The Florida climate is remarkably equable. You do not freeze to death in winter, nor are your energies sapped by a sizzling sun in summer. It is true that the summer days are often hot, but invariably at sundown there is a breeze which makes sleeping a comfort. The equalizing force which makes both the summer heat and the winter cold less violent is furnished by the Gulf Stream which flows out into the Atlantic between Cuba and Florida. The Gulf Stream is more rapid than the Mississippi or the Amazon, and its volume is fully a thousand times as great. The water is bluer than that of the surrounding sea, and the line of demarkation in its earlier course is very distinct. On either side and under its warm current is the cold water of the rest of the sea.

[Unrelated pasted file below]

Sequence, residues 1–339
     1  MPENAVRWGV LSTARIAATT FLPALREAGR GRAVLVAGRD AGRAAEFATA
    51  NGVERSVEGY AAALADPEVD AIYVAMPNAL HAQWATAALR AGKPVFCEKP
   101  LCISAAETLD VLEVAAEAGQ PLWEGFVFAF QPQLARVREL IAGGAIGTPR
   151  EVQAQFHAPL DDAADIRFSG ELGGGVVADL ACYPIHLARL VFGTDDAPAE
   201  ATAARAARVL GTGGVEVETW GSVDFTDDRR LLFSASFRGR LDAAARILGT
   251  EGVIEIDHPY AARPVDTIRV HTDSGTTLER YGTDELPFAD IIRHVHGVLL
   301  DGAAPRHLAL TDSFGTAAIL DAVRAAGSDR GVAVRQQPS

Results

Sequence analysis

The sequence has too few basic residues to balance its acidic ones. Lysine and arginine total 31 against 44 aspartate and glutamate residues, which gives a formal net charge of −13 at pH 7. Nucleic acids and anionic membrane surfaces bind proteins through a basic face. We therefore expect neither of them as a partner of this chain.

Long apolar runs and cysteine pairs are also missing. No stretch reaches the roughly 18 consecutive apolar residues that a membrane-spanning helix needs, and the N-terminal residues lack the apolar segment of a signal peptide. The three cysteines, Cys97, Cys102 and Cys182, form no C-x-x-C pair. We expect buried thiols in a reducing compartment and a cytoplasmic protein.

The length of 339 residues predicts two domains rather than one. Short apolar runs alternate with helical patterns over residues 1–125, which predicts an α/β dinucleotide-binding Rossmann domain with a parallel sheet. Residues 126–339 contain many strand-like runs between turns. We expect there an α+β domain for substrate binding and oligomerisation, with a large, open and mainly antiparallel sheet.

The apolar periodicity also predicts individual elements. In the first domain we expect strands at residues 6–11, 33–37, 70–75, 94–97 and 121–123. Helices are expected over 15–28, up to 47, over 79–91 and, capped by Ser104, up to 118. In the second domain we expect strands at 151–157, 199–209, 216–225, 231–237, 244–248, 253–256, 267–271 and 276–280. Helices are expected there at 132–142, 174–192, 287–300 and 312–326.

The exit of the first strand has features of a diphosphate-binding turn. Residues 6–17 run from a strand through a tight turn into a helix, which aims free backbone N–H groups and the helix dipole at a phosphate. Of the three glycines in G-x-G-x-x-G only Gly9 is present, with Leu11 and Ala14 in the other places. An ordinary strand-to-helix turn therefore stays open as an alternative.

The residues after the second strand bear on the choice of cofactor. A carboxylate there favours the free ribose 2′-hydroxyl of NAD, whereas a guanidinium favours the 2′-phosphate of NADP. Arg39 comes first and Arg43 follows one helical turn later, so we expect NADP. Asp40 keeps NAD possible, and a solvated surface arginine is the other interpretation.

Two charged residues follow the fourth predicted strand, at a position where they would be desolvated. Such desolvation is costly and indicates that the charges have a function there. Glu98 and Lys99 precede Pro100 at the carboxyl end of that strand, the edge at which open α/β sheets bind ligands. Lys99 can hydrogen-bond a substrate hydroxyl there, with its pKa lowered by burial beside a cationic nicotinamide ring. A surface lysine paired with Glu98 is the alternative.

The rainy season is in summer. It does not consist of a steady downpour, but of afternoon thunder showers which come up in the heat of the day. The normal rainy season lasts about four months, but may continue much longer. In winter clear days are the rule, but the weather is variable, and sometimes there are rainy winters and comparatively dry summers.
There are those who claim that the Florida summer is more genial than that torrid season at the North, that the winds are spiced with the resin of the woods, and that it is characterized by a shining equableness and a general blueness and balminess. Really it is often blisteringly and blazingly hot, and smites the toiler with irresistible languor. You seem about to ignite, and only by means of copious drafts of water and abundant perspiration is the conflagration prevented. However, a person gets somewhat acclimated in time, and learns to accept the heat with a degree of equanimity so that it no longer seems an achievement simply to exist.